Well, yes and no. As we talk over lunch at the Argyle Hotel, it is the Friday before the Oscars. Three days later, Barrymore will stick daisies behind her ears, paint glitter on her face, pour dirt in her shoes to keep her “connected to the earth,” and flit Puck-like amid the Armani’d throngs in a sparkly $250 off-the-rack dress.
Toward the end of “Ever After,” there is a scene in which Barrymore confronts her stepmother, played by Huston, demanding some sign of parental love in the wake of her father’s death. It is a pivotal moment in the Cinderella story, the tale of the disenfranchised daughter left in the care of her cold, unfeeling stepmother and stepsisters. Icily rebuffed by Huston, Barrymore is almost unrecognizable in her long, reddish-brown wig, mud-stained gown and grief-contorted face.
“I always thought of Cinderella as so girly, and I wanted to get rid of all those cliches,” says Barrymore when asked about her performance. “I wanted a contemporary sensibility for this fairy-tale world. I really wanted to open up those doors. I [also] wanted to let the men into this beautiful romantic world where they are the cause of so much sorrow and so much happiness.”
Director Andy Tennant, who first worked with Barrymore on “The Amy Fisher Story,” says portraying the loveless orphaned daughter is arguably the actress’ most personal effort to date. “There’s a lot of emotional work going on that Drew keeps a tight lid on,” he says, adding that the mother-daughter scenes with Huston were among the most wrenching to film. As Barrymore plays the role, “Cinderella’s transformation is about her awful childhood and how that led to her blossoming into a successful adult,” Tennant says. “She wanted her to be a hero.”
Barrymore has spent a lot of time and column inches pondering her own childhood. In the past, she has spoken candidly about her strained relationship with her parents, who separated before she was born, and that her friends--a loose circle that includes Adam Sandler, Ed Norton and a casting-agent pal Barrymore lived with for several years--are her surrogate family. But she stops short of suggesting that “Ever After” can be taken as autobiography.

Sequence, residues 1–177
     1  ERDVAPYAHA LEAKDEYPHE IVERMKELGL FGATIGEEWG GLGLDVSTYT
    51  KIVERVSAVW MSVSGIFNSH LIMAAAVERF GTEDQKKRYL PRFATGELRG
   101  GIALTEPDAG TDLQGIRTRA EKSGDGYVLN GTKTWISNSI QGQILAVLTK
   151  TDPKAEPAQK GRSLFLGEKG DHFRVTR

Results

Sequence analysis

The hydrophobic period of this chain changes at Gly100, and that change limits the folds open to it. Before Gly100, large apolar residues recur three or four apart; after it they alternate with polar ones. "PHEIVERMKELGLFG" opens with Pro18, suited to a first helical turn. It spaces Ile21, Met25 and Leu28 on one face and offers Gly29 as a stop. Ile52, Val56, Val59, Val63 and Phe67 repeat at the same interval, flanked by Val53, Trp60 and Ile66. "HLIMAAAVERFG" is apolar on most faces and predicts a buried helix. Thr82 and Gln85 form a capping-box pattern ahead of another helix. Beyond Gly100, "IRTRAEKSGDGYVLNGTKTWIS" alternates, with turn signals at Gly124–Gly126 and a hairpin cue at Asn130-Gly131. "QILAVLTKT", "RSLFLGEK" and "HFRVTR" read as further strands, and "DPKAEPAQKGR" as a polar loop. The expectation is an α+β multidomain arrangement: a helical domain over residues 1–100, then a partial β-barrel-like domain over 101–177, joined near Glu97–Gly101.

“I used to wonder if it was karma why some kids got beaten on Christmas day and others went on the family vacation, but I never had the ‘dad’ thing, I was never searching for Dad,” she says. “Because I didn’t have a man giving me that male energy, I had to embody it myself.” She pauses for a moment, fiddling with her hair, before plunging on, speaking quickly. “I’m closer to my parents now, but no one in my family is really going to be there for each other. It’s too late. I thought about whether I wanted to be a really resentful person, but it’s just poison and you just have to let it go. I love them and I hope they’re proud of me, but none of us can really tolerate each other. But that’s cool. A lot of families are like that.”